Thursday, October 13, 2016

Murray Perahia Piano Recital in Taipei on 2016/10/13

Time: 2016/10/13 (Thursday), 19:30-21:30 (approximately)
Venue: National Concert Hall, Taipei
Performers: Murray Perahia (piano)



Random observations and thoughts:

Born in New York (Bronx) in 1947 to a Jewish family, Murray Perahia started playing piano at the age of four and later attended Mannes School of Music where he majored in conducting and composition. In 1972, he was the first North American to win first prize at the Leeds Piano Competition, whose prize winners included Radu Lupu (first place) in 1969 and András Schiff (third place) in 1975. (Leeds is held every three years.)

Perahia's performance has grown in seriousness (some would say severity) in style over the years. There is plenty of lucidity and order, poetry and precision, but the word "seduction" (in the sense of Vladimir Horiwitz) is nowhere to be found. The "severity" was not apparent when he released the complete Mozart piano concerts over the thirteen-year period between 1975 and 1988 to the universal acclaim. (This collection, I think, contains some of the best Mozart performances ever recorded.) At that time, his youthful spontaneity and exuberance were palpable, even though his trademark of poetic lucidity were already there. As Perahia grows in age and maturity, so is his style in seriousness. Some commentators dislike his "intellectualism" and "lack of emotion", calling him unexcited and unexciting. For me, Perahia's polish and poetic playing is so wonderful that I can often overlook any interpretative difference. His interpretation is always well thought out, with strong yet flexible structure. Even his worst critics have to agree that his performance is admirable, if not particularly "thrilling" or convincing. This trait was most apparent in two recitals in the past few years I heard from him.

The recital opened with two minor key pieces from Haydn and Mozart, followed by Brahms's late, "autumnal", pieces with altering minor and major keys. These short pieces put the second half's monumental Hammerklaiver in the historical perspective. As expected, Perahia played them with his usual sensitivity and touch.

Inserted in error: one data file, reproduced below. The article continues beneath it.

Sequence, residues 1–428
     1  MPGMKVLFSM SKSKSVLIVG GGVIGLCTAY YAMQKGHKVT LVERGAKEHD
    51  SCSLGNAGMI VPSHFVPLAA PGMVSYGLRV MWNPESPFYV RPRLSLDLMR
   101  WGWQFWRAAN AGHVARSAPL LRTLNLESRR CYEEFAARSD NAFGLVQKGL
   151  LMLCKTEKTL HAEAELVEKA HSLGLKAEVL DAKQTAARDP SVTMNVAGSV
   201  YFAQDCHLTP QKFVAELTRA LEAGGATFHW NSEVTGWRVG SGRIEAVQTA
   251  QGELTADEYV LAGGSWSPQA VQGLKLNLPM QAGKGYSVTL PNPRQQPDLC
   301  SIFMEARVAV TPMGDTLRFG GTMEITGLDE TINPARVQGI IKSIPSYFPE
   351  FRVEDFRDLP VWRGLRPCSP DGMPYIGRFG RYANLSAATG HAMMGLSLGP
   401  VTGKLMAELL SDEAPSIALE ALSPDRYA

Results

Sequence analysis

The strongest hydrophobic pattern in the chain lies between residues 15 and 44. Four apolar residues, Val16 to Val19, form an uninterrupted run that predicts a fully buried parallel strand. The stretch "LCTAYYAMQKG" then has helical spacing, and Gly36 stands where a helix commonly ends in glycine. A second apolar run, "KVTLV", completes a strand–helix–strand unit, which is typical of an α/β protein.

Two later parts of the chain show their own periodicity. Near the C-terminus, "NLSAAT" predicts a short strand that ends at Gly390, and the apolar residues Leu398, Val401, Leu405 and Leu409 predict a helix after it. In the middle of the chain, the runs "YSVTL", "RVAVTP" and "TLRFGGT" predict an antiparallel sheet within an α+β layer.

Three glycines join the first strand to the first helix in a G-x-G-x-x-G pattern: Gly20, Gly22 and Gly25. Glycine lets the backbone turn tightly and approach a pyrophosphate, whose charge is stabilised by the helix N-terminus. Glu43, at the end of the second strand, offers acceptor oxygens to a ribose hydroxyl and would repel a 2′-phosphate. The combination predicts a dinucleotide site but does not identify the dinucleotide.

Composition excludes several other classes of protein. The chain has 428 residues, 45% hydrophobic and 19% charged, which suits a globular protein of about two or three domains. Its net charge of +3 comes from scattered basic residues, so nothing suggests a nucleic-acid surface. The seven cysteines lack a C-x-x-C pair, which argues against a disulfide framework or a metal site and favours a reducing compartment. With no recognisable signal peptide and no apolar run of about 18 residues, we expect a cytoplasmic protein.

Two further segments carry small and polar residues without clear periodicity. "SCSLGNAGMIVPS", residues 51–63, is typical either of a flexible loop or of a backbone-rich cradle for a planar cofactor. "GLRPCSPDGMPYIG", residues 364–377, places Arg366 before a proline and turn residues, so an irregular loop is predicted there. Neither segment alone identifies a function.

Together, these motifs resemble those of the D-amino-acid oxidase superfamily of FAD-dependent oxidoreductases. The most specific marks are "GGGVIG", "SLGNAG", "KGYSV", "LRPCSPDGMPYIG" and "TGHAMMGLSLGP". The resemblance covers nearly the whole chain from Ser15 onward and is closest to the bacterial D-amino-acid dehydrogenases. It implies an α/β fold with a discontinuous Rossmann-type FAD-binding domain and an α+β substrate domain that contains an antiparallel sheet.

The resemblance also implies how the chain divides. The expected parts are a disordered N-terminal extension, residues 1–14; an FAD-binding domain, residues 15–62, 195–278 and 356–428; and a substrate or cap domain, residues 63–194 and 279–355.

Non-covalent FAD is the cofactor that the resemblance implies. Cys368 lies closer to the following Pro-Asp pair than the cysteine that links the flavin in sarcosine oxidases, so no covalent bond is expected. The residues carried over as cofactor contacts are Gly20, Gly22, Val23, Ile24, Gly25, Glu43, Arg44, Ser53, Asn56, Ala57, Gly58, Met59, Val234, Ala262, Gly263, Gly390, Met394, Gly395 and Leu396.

This recital's highlight, for me, was Beethoven's Hammerklavier, whose daunting technical demand was well documented. What is equally important about this piece is its revolutionary nature, which was noted but not particularly emphasized in Perahia's analysis. The first movement opens with the sonata form, where the metronome mark is the notoriously impossible half note at 138 ( = 138)! Decades ago, most scholars and pianists seemed to agree that the metronome mark was a mistake, caused either by Beethoven's possibly faulty metronome or deafness. More recently, however, pianists have taken his mark seriously and many have recorded and performed the piece at the written tempo, cf. András Schiff's wonderful lecture. Perahia's approach was sort of middle-of-the-road, leaning towards half note at 130, but did not race his way through. Unfortunately, one too many inarticulate note proved a bit distracting.

If the "hybrid approach" to the first movement was not an unmitigated success, Perahia was back in full command in the second movement with a crisp and sparkling Scherzo. The Adagio Sostenuto was perhaps the greatest slow movement ever written and Perahia was especially inspired here, mesmerizing and searching in turns. He took the audience by storm with the final movement's breathtaking fugue (with persistent trills). Forget about his critics, this audience was thrilled! 

At the end of the concert, Perahia, now 69, looked visibly exhausted. He returned to the stage several times to the thundering applauses, but understandably gave no encore. 

Note 1. Perahia performed this same program in Carnegie Hall six months ago, and has toured the world with it. 

Note 2. Perhaps due to the fact that this concert was partially sponsored by the Lawrence S. Ting Memorial Fund, a significant number of the audience members might have gotten their tickets through connections with the Ting foundation. Unfortunately, that made more-than-average sleepers and talkers during the recital. In particular, a couple sitting not far from me were the worst talkers-in-concert ever! (At one point, I almost threw a pen at their faces.) I wish MNA, "Bull's Ear Arts", which managed this program, can in the future put aside the bottom-line consideration for rare occasions such as this and release tickets to the true music lovers. (This concert was sold-out weeks before the event, but there were some vacant seats in the hall).

There was never any more inception than there is now, 
Nor any more youth or age than there is now; 
And will never be any more perfection than there is now, 
Nor any more heaven or hell than there is now.
       Walt Whitman by Walt Whitman

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